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Majority of Aging Adults Say They’re Not Moving

June 6, 2022

Baby boomers hold the majority of real estate wealth in the U.S.—and as they age, they increasingly say they plan to stay put in their current homes. Sixty-six percent of U.S. adults aged 55 and older say they expect to age in place, according to a new Freddie Mac survey.

But that could further exacerbate the housing supply shortage, the report notes. The housing supply in the U.S. has dropped to record lows over the past two years. Baby boomers are veering from traditional patterns of selling later in life and downsizing or moving to assisted living. That could prompt an even more severe housing shortage nationwide.

Baby boomers’ financial gains over the past five years may better equip them to stay in place, too, the survey says.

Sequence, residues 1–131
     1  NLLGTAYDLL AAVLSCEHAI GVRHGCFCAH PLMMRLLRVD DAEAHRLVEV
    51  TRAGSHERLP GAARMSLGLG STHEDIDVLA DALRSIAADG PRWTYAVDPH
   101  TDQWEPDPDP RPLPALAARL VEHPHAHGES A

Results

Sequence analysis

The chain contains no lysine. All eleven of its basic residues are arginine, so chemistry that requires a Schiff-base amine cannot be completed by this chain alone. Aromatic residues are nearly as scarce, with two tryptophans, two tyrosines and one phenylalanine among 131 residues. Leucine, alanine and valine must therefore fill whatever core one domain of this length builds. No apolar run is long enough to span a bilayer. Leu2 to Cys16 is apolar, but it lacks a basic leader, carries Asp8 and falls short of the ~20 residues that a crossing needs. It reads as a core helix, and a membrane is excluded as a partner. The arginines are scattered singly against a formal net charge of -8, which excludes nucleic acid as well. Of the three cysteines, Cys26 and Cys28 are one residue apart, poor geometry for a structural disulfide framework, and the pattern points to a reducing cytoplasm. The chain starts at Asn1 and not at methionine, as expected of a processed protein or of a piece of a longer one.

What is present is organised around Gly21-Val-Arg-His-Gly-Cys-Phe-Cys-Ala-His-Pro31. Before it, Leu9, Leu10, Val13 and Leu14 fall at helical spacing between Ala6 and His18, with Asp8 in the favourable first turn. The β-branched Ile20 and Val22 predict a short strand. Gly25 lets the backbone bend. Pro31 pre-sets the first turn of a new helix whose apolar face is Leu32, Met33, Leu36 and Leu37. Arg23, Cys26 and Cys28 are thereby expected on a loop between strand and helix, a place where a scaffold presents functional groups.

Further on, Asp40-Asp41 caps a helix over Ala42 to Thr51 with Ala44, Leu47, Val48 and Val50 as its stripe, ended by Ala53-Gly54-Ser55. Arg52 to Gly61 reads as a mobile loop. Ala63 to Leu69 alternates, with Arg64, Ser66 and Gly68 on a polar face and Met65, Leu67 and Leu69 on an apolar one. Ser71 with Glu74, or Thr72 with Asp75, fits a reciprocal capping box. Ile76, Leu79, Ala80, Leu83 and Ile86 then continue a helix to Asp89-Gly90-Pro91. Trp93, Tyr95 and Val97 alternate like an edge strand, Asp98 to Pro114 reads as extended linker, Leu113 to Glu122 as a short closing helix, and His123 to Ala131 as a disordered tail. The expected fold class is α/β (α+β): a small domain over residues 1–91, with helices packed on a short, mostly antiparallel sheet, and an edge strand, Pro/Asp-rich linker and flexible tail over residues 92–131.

Still, baby boomers acknowledge that their home will require some degree of renovations to make the space more appropriate to age in place. But they feel confident that their personal savings and long-term retirement and investment accounts will allow them to afford to do so, the survey shows.

A 2021 survey conducted by AARP shows that many homeowners would need to modify their current home so they or a loved one could live there.

· 79% say they would need to modify bathrooms with grab bars or no-step showers.

· 71% say their home has inside and outside accessibility issues.

· 61% say they would need an emergency response system.

· 48% say they would need smart-home devices like a voice-activated home assistant or a doorbell camera.

The number of households headed by people aged 65 and older is expected to increase from 34 million to 48 million over the next two decades, according to Urban Institute data.

Majority of Aging Adults Likely to Age in Place,” Freddie Mac (May 23, 2022)